Chinese martial arts cinema

by Stephen Teo | 30 November 2015
Category: Films Cinema & DVD
This is the first comprehensive, fully-researched account of the historical and contemporary development of the traditional martial arts genre in the Chinese cinema known as wuxia (literal translation: martial chivalry) - a genre which audiences around the world became familiar with through the phenomenal 'crossover' hit Crouching Tiger, Hidden Dragon (2000). The book unveils rich layers of the wuxia tradition as it developed in the early Shanghai cinema in the late 1920s, and from the 1950s onwards, in the Hong Kong and Taiwan film industries. Key attractions of the book are analyses of:*The history of the tradition as it began in the Shanghai cinema, its rise and popularity as a serialized form in the silent cinema of the late 1920s, and its eventual prohibition by the government in 1931.*The fantastic characteristics of the genre, their relationship with folklore, myth and religion, and their similarities and differences with the kung fu sub-genre of martial arts cinema.*The protagonists and heroes of the genre, in particular the figure of the female knight-errant.*The chief personalities and masterpieces of the genre - directors such as King Hu, Chu Yuan, Zhang Che, Ang Lee, Zhang Yimou, and films such as Come Drink With Me (1966), The One-Armed Swordsman (1967), A Touch of Zen (1970-71), Hero (2002), House of Flying Daggers (2004), and Curse of the Golden Flower (2006).
€112.00
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This is the first comprehensive, fully-researched account of the historical and contemporary development of the traditional martial arts genre in the Chinese cinema known as wuxia (literal translation: martial chivalry) - a genre which audiences around the world became familiar with through the phenomenal 'crossover' hit Crouching Tiger, Hidden Dragon (2000). The book unveils rich layers of the wuxia tradition as it developed in the early Shanghai cinema in the late 1920s, and from the 1950s onwards, in the Hong Kong and Taiwan film industries. Key attractions of the book are analyses of:*The history of the tradition as it began in the Shanghai cinema, its rise and popularity as a serialized form in the silent cinema of the late 1920s, and its eventual prohibition by the government in 1931.*The fantastic characteristics of the genre, their relationship with folklore, myth and religion, and their similarities and differences with the kung fu sub-genre of martial arts cinema.*The protagonists and heroes of the genre, in particular the figure of the female knight-errant.*The chief personalities and masterpieces of the genre - directors such as King Hu, Chu Yuan, Zhang Che, Ang Lee, Zhang Yimou, and films such as Come Drink With Me (1966), The One-Armed Swordsman (1967), A Touch of Zen (1970-71), Hero (2002), House of Flying Daggers (2004), and Curse of the Golden Flower (2006).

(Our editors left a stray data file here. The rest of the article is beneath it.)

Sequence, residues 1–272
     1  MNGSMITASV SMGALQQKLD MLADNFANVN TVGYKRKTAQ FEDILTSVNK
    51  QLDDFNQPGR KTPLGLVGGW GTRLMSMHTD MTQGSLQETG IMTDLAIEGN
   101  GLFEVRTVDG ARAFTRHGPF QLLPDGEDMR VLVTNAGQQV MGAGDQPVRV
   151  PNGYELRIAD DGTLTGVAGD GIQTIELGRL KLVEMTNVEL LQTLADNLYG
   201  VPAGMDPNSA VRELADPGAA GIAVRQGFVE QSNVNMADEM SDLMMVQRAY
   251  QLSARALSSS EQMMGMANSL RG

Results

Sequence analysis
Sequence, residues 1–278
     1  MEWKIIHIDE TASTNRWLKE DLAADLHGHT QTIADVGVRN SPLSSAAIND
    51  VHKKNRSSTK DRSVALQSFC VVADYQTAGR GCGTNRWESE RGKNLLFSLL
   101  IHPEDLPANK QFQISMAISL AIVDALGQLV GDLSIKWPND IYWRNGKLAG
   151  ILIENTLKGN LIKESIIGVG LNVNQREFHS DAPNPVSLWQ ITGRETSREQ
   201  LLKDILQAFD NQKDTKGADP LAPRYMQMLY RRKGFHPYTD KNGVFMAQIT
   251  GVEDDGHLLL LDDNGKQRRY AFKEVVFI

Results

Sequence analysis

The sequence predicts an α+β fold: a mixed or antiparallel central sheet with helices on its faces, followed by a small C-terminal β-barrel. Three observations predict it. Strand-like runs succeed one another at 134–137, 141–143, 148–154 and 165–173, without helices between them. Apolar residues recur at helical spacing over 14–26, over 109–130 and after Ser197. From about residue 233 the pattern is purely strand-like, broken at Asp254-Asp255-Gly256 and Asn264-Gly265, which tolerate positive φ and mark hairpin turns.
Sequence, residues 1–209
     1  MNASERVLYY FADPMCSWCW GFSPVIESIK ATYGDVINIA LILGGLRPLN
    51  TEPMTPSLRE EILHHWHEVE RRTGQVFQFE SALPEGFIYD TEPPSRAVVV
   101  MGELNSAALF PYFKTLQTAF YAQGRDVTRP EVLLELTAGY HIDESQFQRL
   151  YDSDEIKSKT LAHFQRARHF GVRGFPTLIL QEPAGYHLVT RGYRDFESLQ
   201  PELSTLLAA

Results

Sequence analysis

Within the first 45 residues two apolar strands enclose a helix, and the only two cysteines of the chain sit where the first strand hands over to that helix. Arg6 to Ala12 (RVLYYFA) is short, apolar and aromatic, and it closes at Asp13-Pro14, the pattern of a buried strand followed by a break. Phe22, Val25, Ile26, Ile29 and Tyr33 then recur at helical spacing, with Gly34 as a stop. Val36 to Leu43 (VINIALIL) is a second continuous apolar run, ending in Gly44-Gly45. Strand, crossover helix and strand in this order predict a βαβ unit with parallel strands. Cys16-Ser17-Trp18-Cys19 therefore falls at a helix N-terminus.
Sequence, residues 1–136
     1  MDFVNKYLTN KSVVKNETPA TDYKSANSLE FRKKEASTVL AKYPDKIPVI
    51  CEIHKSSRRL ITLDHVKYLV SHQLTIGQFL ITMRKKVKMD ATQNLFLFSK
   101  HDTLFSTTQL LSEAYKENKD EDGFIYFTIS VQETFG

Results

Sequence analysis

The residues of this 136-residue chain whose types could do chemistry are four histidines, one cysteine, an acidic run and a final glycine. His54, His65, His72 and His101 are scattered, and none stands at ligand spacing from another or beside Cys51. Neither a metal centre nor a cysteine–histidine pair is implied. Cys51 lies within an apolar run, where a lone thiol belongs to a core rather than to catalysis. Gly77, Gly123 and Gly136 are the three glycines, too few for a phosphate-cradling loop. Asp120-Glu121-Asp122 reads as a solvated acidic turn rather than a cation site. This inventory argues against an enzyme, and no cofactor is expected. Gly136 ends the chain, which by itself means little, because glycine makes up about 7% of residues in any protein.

Currently out of stock
Delivery 5-7 Days
Eligible for free delivery
336 Reward Points

Any purchases for more than €10 are eligible for free delivery anywhere in the UK or Ireland!

€112.00
Currently out of stock
Delivery 5-7 Days
Eligible for free delivery
336 Reward Points

Any purchases for more than €10 are eligible for free delivery anywhere in the UK or Ireland!

Product Description

This is the first comprehensive, fully-researched account of the historical and contemporary development of the traditional martial arts genre in the Chinese cinema known as wuxia (literal translation: martial chivalry) - a genre which audiences around the world became familiar with through the phenomenal 'crossover' hit Crouching Tiger, Hidden Dragon (2000). The book unveils rich layers of the wuxia tradition as it developed in the early Shanghai cinema in the late 1920s, and from the 1950s onwards, in the Hong Kong and Taiwan film industries. Key attractions of the book are analyses of:*The history of the tradition as it began in the Shanghai cinema, its rise and popularity as a serialized form in the silent cinema of the late 1920s, and its eventual prohibition by the government in 1931.*The fantastic characteristics of the genre, their relationship with folklore, myth and religion, and their similarities and differences with the kung fu sub-genre of martial arts cinema.*The protagonists and heroes of the genre, in particular the figure of the female knight-errant.*The chief personalities and masterpieces of the genre - directors such as King Hu, Chu Yuan, Zhang Che, Ang Lee, Zhang Yimou, and films such as Come Drink With Me (1966), The One-Armed Swordsman (1967), A Touch of Zen (1970-71), Hero (2002), House of Flying Daggers (2004), and Curse of the Golden Flower (2006).

Product Details

Chinese martial arts cinema

ISBN9781474403863

Format

Publisher (30 November. 2015)

No. of Pages240

Weight559

Language English (United States)

Dimensions 234 x 156